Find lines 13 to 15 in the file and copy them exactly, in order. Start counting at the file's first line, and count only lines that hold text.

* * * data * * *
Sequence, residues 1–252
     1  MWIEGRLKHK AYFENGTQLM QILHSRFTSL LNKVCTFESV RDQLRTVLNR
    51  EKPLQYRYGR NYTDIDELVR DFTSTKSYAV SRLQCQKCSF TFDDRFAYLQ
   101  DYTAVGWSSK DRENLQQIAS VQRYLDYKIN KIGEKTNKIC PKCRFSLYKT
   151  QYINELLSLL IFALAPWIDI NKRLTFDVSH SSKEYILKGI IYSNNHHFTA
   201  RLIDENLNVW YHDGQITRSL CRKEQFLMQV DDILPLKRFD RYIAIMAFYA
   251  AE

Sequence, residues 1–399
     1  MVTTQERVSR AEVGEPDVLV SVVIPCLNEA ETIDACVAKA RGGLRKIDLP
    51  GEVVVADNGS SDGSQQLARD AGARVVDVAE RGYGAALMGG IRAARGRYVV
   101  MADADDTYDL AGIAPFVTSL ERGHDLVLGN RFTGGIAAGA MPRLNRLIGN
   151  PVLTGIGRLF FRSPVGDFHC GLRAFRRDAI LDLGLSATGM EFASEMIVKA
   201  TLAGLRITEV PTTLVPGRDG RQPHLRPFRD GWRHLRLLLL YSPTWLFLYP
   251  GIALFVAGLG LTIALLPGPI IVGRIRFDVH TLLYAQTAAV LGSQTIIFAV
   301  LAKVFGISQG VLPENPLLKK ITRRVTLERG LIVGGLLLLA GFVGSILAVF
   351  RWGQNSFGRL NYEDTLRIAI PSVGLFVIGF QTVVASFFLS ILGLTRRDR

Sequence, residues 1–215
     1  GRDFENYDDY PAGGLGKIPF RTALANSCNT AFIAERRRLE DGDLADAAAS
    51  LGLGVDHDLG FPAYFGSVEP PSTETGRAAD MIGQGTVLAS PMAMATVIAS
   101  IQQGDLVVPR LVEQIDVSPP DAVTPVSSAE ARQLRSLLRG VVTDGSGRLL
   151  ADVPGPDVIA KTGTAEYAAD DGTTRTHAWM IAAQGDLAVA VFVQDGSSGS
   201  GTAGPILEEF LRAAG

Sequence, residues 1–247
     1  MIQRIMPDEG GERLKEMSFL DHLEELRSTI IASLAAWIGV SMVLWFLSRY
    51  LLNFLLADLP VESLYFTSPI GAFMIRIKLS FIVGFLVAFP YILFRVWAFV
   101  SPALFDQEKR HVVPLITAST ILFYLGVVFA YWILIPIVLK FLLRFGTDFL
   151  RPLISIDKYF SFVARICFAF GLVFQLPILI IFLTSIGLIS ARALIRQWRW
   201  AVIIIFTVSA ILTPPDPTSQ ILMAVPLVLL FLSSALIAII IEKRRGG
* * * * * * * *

   201  TLAGLRITEV PTTLVPGRDG RQPHLRPFRD GWRHLRLLLL YSPTWLFLYP
   251  GIALFVAGLG LTIALLPGPI IVGRIRFDVH TLLYAQTAAV LGSQTIIFAV
   301  LAKVFGISQG VLPENPLLKK ITRRVTLERG LIVGGLLLLA GFVGSILAVF